Warts are growths on the surface of the skin caused by human papillomavirus (HPV). While usually benign, these pesky bumps are in fact contagious.
In fact, a recent study by researchers at New York University found that 69 percent of healthy Americans have an HPV infection on some part of their body. And according to the Centers for Disease Control (CDC), about 14 million people become newly infected with the virus every year in the U.S.
While many people associate HPV with genital warts, less than half of the more than 100 known strains of the virus cause this type of infection. More commonly, HPV causes warts to grow on the hands, fingers, feet, toes, knees and face. [See also: What's the Best Way to Treat Warts?]
Studies have shown that common warts (i.e. not genital warts) can be spread through skin-to-skin contact. However, not all strains of the virus are highly contagious. Ultimately, susceptibility to the virus depends on a person's immune system. Researchers have found that even people within the same family experience different reactions to HPV.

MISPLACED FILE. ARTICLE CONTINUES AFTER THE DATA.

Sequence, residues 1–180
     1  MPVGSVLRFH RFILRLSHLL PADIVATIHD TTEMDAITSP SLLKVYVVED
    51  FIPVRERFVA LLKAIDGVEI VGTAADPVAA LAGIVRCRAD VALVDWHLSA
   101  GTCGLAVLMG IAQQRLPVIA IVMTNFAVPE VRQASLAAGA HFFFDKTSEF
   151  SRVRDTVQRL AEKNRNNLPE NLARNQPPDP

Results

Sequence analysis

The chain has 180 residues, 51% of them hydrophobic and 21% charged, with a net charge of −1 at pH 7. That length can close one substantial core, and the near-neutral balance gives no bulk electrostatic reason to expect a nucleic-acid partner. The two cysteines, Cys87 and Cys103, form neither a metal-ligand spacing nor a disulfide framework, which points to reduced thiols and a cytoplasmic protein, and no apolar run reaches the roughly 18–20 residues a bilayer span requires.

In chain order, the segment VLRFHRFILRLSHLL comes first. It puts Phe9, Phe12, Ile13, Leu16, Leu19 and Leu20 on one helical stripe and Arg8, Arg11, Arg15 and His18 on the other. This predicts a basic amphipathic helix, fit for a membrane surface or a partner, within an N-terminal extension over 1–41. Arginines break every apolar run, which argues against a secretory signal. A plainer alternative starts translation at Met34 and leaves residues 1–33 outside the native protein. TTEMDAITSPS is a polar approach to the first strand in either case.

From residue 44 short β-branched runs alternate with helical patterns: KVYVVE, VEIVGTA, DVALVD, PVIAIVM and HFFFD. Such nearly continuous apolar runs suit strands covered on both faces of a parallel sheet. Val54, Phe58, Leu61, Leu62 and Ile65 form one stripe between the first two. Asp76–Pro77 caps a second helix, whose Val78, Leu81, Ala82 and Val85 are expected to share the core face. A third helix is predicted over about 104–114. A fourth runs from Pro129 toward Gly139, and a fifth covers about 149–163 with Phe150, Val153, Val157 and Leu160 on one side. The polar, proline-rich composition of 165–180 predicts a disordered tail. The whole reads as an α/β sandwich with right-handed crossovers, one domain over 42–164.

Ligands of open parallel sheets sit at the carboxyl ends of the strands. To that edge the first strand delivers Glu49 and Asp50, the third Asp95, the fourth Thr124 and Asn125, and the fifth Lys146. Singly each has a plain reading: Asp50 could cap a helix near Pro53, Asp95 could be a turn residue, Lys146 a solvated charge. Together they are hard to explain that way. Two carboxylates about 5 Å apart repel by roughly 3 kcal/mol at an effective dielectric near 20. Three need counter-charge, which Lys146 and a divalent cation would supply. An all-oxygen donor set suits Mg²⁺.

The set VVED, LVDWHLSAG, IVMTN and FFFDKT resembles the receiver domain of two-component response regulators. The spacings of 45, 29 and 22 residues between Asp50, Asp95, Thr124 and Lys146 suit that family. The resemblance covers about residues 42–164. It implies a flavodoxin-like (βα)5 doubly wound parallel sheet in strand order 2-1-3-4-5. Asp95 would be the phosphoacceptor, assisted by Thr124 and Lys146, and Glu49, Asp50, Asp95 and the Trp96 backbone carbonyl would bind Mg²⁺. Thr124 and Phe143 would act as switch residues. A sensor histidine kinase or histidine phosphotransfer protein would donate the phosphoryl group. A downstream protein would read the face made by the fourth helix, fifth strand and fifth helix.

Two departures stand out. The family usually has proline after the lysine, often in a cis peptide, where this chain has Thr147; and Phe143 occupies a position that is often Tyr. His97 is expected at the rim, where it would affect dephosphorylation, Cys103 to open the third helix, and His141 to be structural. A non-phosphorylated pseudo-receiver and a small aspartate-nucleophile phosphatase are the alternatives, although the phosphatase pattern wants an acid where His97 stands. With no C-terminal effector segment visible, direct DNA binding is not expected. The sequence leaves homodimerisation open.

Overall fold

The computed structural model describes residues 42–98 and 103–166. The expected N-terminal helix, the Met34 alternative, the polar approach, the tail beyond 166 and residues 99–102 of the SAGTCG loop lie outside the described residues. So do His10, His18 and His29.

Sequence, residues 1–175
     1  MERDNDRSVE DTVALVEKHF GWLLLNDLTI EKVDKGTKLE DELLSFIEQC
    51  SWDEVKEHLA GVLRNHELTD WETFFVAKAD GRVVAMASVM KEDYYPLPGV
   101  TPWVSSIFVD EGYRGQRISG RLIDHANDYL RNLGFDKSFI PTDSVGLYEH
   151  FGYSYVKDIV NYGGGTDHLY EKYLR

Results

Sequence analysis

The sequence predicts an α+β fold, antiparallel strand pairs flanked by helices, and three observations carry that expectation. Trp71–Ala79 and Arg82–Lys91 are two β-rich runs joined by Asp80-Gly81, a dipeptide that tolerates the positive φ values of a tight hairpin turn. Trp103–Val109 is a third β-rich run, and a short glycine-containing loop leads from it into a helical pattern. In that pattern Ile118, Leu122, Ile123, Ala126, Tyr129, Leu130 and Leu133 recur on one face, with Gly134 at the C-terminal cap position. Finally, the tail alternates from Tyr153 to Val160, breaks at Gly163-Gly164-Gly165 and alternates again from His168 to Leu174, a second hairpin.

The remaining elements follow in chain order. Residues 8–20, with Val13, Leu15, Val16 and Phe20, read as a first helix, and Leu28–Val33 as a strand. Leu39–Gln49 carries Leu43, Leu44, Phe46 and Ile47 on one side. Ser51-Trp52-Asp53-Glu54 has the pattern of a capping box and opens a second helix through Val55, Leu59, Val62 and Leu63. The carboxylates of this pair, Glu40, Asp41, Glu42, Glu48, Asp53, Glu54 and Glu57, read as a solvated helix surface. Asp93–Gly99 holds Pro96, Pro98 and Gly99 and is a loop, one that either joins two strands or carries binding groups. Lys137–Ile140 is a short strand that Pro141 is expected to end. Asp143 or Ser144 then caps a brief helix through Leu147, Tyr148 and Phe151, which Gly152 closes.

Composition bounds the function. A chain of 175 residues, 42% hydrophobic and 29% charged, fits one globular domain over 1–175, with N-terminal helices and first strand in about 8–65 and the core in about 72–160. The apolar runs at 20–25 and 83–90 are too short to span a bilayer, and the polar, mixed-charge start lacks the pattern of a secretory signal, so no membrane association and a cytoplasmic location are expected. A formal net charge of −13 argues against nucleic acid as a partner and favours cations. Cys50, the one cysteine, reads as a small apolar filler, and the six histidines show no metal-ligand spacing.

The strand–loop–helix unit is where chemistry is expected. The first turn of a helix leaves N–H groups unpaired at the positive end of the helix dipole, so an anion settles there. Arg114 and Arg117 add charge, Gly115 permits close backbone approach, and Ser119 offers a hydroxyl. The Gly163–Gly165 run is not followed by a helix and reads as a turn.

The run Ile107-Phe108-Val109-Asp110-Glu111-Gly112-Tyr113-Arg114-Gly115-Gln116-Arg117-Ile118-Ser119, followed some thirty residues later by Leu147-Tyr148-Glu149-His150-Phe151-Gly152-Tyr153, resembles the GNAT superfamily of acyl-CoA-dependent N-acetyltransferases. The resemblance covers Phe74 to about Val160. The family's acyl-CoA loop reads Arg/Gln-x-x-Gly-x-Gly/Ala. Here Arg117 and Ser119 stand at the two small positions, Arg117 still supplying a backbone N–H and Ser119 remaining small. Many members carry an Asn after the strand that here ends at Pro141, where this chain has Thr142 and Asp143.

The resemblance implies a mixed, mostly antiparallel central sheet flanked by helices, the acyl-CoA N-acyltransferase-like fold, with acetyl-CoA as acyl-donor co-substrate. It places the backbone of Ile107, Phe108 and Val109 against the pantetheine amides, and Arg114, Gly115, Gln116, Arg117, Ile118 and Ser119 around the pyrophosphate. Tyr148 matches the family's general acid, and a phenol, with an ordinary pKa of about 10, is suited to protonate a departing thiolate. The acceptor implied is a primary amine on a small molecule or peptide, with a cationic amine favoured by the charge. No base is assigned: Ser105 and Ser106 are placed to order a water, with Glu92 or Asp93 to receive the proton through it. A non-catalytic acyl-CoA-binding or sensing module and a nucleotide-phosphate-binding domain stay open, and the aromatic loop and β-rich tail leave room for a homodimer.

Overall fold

It is possible to reduce the risk of contracting HPV and developing common warts. Because HPV thrives in moist, warm environments, medical professionals recommend wearing shoes in locker rooms, pool decks and other (slightly grimy) places to avoid picking up the virus. And if you have warts, be careful about sharing your stuff with others. Shared towels, socks and shoes can all carry HPV.
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Elizabeth is a former Live Science associate editor and current director of audience development at the Chamber of Commerce. She graduated with a bachelor of arts degree from George Washington University. Elizabeth has traveled throughout the Americas, studying political systems and indigenous cultures and teaching English to students of all ages.